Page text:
Rob Cooper going against the grain |

Rob Cooper going against the grain

Stewart OksenhornThe Aspen TimesAspen, CO Colorado
Robert J. Cooper
Aspen Times file photo |

ASPEN Rob Cooper’s story sounds like one of a random moment instantly altering an entire life story. In 2002, on a business trip to the U.K., Cooper was taken to dinner at Hakkusan, a Japanese restaurant with a sophisticated cocktail bar, in London’s Fitzrovia neighborhood.

The bartender asked Cooper if he wanted to try something new and different.

“And I said ‘of course.’ Because I’m a sponge,” said Cooper, a 31-year-old who grew up in Aspen and now lives in the West Village section of Manhattan. “So immediately, a cocktail was thrust into my hand.”

From his first sip, Cooper knew something interesting was going on.

“I was mesmerized by the first flavor notes,” he recalled. “It had so many flavor notes I loved so much – grapefruit, pear and tropical fruits and that I couldn’t find in any other spirits on the market.”

Inspired, Cooper made the necessary inquiries. The concentrate that was the foundation of the cocktail was made from the elderflower, which grows ubiquitously across Europe. In a few months time, Cooper had switched his career focus, and found himself in the Haute-Savoie region of west-central France, in the foothills of the Alps, looking for a source of elderflowers.

The end product of that defining moment is St.-Germain.

The liqueur, made from fresh elderberries, is manufactured by Cooper’s New York-based company, Cooper Spirits. Cooper has put all his chips on St.-Germain, which presently is the only product the company is making. His wife of four years, Katie, helps out with publicity and marketing. The work is paying off: St.-Germain has earned several handfuls of awards, including Best in Show at the prestigious San Francisco World Spirits Competition, and Best New Product at Tales of the Cocktail in New Orleans, which Cooper calls the Sundance of the spirits industry. St.-Germain has also won awards for packaging and marketing.

Cooper returns to Aspen this weekend to bring his creation to attendees of the Food & Wine Classic. He will be serving St.-Germain in the Grand Tasting Tent all weekend long, and at private events at Kenichi restaurant, and at the Access 212 House, the late-night retreat for Food & Wine chefs and other industry insiders.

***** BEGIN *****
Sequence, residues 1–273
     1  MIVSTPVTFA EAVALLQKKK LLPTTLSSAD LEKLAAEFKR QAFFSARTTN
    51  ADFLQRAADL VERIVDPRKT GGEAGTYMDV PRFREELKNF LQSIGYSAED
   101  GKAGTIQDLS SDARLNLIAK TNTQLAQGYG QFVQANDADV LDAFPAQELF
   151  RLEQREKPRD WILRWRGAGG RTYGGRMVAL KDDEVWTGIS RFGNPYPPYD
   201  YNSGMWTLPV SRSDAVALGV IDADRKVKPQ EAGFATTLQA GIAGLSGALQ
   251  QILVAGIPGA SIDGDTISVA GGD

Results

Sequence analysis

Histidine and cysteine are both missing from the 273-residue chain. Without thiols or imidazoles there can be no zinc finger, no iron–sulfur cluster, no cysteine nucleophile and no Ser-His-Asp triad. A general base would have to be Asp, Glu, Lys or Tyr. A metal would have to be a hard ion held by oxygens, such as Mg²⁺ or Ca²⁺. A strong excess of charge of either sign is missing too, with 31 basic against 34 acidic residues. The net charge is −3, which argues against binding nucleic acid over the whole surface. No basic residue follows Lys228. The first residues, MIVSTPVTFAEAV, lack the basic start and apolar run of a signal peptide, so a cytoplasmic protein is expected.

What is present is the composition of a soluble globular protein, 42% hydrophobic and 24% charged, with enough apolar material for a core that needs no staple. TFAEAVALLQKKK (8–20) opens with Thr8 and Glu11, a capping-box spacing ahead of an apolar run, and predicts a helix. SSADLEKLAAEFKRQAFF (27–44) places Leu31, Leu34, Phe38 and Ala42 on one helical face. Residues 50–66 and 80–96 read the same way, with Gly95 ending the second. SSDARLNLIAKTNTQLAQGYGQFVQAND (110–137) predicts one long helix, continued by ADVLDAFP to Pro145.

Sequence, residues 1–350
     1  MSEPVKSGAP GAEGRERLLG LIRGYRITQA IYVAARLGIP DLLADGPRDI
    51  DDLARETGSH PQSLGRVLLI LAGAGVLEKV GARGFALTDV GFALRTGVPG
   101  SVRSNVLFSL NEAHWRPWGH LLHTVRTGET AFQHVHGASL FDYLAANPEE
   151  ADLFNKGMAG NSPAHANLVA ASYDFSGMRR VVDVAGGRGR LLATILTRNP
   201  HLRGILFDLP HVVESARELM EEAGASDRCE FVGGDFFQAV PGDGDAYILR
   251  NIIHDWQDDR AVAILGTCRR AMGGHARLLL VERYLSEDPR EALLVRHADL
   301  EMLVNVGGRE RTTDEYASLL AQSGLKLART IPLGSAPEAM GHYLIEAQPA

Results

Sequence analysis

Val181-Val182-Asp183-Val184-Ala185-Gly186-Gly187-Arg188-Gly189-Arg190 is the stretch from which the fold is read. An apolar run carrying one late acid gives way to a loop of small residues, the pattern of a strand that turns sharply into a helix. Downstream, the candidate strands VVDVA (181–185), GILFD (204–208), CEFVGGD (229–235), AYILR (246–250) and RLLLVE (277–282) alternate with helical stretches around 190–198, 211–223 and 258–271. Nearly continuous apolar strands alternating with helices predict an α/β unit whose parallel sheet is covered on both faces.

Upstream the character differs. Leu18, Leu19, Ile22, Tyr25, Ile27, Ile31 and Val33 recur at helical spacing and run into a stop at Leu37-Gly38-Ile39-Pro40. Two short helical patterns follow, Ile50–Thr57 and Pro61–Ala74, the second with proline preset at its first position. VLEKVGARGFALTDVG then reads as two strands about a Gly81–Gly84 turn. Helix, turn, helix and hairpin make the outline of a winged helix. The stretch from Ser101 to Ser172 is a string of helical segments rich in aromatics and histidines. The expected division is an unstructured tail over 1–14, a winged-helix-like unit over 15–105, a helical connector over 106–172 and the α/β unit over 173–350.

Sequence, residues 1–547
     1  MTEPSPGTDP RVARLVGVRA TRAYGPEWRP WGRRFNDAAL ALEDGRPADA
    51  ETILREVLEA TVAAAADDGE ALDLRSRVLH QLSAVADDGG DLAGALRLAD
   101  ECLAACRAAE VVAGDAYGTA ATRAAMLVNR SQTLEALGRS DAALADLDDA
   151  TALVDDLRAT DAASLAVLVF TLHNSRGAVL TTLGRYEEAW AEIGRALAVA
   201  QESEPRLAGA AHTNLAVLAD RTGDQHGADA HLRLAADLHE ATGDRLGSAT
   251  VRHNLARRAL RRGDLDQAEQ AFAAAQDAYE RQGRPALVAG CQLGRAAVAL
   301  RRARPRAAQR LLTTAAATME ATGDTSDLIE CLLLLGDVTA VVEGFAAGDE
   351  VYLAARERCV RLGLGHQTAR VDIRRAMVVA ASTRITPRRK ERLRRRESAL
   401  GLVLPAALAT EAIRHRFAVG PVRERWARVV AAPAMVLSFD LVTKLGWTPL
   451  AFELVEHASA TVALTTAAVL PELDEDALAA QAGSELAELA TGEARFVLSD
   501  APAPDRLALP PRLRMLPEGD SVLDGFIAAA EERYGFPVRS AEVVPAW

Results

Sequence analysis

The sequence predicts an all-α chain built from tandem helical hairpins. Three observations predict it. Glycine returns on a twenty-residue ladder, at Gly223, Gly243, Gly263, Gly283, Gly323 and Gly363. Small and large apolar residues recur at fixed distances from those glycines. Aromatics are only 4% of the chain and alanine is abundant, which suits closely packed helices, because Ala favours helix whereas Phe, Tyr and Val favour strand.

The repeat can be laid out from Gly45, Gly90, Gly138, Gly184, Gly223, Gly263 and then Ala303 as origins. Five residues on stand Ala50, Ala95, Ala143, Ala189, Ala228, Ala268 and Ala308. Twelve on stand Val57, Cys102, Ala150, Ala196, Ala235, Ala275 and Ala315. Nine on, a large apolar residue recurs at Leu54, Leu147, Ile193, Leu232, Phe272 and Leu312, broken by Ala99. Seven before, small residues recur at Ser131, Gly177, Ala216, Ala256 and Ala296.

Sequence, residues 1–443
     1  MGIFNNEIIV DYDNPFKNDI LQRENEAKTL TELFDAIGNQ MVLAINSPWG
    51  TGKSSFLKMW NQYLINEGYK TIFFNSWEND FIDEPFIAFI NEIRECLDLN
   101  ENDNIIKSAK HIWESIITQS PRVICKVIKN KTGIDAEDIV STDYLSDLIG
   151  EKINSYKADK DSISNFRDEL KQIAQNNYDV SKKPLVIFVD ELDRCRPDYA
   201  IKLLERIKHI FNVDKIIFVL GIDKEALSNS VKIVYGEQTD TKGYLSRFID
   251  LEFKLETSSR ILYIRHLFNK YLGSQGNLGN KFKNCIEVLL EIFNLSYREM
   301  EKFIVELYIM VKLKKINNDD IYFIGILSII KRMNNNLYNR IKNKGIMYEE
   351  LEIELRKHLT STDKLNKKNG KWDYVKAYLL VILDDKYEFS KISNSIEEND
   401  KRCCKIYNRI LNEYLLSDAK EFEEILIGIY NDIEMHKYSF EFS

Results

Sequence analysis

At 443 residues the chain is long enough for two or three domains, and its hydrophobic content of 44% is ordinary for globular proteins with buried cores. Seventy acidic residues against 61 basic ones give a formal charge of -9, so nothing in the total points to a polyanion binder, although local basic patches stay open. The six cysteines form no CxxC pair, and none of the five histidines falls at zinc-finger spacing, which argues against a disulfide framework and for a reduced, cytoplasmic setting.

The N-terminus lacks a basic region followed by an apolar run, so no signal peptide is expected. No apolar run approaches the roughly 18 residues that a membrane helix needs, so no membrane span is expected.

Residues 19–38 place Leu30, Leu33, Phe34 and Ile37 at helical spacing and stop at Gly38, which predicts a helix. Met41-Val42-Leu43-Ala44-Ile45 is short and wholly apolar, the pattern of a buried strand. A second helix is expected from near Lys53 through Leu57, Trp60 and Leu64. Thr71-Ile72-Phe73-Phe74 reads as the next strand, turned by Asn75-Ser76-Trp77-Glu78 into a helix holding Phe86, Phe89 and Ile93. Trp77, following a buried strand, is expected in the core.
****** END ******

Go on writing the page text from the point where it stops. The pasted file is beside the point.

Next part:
One interesting facet to Cooper’s story is that, while Cooper basically stumbled across the elderflower, he had, in fact, been looking to devise a formula for a distinctive liqueur for several years. And that creating liqueurs and booze, generally, has been in his family for three generations.

Maurice Cooper, Robs grandfather, had a beer operation, Cooper Brewery, in Manayunk, Penn., just outside of Philadelphia. Prohibition hit the business hard, and like many brewers, Cooper tried to survive by selling near-beer, which had virtually all of the alcohol removed. His business survived when Cooper realized that enforcement was essentially nil, and that marking his barrels with the near-beer stamp didn’t mean he had to fill them with the ersatz product. He thought, ‘If I just fill these barrels with actual beer, people might enjoy them more,’ noted Rob. But Maurice’s passion was for spirits and cocktails, and he used his near-beer earnings to buy Charles Jacquin, a Philadelphia-based business that was the oldest liqueur-manufacturing operation in the U.S. Rob’s father, Sky Cooper, entered the business in 1952.

With designs to bring a more global perspective to the company, he added a branch that imported French products. In the 1970s, Sky developed his great innovation: Starting with the idea, and distinctive bottle design of Forbidden Fruit, a popular grapefruit-and-spice liqueur that went into decline in the ‘60s, he created Chambord. The liqueur, made of French wild black raspberries, became wildly successful in the U.S., especially as a cocktail mixed with Champagne.